Getting a Jump Start: Projects to Reduce Flooding in Midland

Op-ed by J.W. Fisher and Lee Ann Keller, Co-chairs of the MBA Advisory Committee on Infrastructure

The Midland Business Alliance (MBA) Advisory Committee on Infrastructure has been working with the U.S. Army Corps of Engineers (USACE) and the County of Midland on a large hydraulic/hydrologic study of the Tittabawassee River Watershed. Last fall and winter, the Spicer Group surveyed approximately 60 miles of rivers in Midland County and then processed and provided this extensive data to the USACE in the spring. The USACE is currently creating flood models that will be critical for predicting the effects of rainfall. We regularly meet with USACE and Spicer engineers for progress updates, and they have been great resources for our questions and planning. It is the largest hydraulic/hydrologic study conducted by the USACE Detroit office, and it takes time to create these vital models. The study is on schedule to be completed in 2024.

While this study is progressing, we have many “balls in the air” at the state and federal levels. Since our committee’s inception in 2021, we have submitted funding requests for multiple resiliency projects. A few examples include funds for: moving the MyMichigan Health boiler plant and electrical infrastructure to “higher ground” to eliminate a recurrence of the hospital’s mechanical problems during the 2020 flood; added wetlands with the Little Forks Conservancy and Northwood University; a Midland County flood plain reconnection and enhancement project; and the City of Midland Sylvan Pump Station detention basin project. In March 2022, the U.S. House and Senate approved $1.65 million for our Community Project Funding requests, and we currently have more requests pending with the federal and state legislatures.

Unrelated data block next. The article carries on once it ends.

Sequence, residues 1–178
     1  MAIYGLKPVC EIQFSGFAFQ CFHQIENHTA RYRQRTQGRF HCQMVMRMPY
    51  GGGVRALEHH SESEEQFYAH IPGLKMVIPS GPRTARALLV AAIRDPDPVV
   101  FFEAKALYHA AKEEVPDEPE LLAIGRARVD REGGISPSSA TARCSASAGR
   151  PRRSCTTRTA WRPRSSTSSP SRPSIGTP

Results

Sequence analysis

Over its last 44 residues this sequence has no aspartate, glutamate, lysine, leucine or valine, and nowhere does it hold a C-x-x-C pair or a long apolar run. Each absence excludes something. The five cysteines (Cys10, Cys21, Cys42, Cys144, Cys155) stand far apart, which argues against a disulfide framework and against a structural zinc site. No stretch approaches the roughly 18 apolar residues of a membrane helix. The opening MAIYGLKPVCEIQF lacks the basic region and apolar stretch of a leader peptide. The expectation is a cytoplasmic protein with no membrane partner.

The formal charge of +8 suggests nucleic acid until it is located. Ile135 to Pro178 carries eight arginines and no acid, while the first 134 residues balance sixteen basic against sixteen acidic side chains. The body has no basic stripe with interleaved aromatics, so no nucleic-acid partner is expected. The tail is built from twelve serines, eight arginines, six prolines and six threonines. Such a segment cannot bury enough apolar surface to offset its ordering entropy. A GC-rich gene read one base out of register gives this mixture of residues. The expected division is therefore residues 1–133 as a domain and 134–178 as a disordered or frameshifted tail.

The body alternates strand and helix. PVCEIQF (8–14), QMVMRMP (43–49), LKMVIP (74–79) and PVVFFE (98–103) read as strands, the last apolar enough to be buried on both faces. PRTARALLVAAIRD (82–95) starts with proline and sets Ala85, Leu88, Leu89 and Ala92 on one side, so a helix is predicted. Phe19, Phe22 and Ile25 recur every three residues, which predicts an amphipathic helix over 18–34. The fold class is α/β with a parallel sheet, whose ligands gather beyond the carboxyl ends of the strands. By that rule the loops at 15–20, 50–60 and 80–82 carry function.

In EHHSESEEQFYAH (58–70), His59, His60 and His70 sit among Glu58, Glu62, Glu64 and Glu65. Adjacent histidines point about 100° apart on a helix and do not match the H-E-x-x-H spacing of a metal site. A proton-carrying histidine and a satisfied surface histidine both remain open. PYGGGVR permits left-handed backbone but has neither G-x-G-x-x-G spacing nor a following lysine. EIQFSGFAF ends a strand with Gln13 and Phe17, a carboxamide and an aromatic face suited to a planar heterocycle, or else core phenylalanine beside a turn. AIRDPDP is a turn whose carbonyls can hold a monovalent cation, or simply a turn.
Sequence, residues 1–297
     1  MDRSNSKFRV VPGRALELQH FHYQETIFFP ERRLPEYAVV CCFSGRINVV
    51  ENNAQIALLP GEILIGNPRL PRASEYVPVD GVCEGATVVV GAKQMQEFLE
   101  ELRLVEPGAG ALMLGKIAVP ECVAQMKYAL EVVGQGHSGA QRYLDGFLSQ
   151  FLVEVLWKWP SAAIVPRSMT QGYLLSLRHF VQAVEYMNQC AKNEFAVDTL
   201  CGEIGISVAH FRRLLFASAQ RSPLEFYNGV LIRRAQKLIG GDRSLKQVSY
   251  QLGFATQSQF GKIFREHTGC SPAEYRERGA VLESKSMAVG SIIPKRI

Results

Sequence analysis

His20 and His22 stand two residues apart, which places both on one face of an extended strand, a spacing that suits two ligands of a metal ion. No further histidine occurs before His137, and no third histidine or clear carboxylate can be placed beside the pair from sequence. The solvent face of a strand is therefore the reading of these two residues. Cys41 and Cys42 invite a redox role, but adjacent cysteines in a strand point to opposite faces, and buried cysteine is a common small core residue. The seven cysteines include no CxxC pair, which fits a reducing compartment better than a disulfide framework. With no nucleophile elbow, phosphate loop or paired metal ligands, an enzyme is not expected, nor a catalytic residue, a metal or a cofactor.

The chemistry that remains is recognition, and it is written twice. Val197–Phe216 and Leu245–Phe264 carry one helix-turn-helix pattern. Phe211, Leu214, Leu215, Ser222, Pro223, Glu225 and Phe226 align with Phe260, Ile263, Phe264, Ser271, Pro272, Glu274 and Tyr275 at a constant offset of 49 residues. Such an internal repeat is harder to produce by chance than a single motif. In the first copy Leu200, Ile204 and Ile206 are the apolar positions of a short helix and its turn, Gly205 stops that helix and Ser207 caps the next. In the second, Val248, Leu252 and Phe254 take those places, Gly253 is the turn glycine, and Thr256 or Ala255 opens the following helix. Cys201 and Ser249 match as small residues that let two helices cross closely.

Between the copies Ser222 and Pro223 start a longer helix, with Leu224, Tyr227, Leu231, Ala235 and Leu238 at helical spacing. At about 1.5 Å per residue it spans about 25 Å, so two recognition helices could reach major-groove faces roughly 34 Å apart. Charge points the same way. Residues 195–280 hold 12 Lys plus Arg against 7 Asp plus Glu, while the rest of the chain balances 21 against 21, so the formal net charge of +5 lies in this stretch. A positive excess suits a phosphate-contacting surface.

All of these funding requests and projects will build resiliency in our area, but we wanted to do even more while we waited for the Corps to complete the study. Even though 2024 isn’t far away, it seems that way when you are worried about the next flood. We decided to get a jump start on future flood reduction efforts.

We asked Spicer Group engineers to look at areas that frequently experience flooding and offer ideas. They focused on Sturgeon Creek, Snake Creek and the Inman Drain areas in Midland. These are key areas of frequent flooding. When the Tittabawassee River reaches high levels, it starts to push up into these creeks and cause extensive flooding.

We have posted a description of the “Midland Flood Reduction Plan” and maps on This is certainly not “the one solution” for the Midland area and our region. But we do believe it is one project with a big impact.

The project includes a system of flood protection walls, berms, flood gates and pump stations. When Tittabawassee floodwaters reach a certain level, flood gates on the Sturgeon and Snake Creeks would close to prevent these waters from backing up into the creeks. Pump stations on both creeks would pump outgoing stream flows while the flood gates are closed. Several areas of Main Street would need to have elevations increased to create a barrier for floodwaters.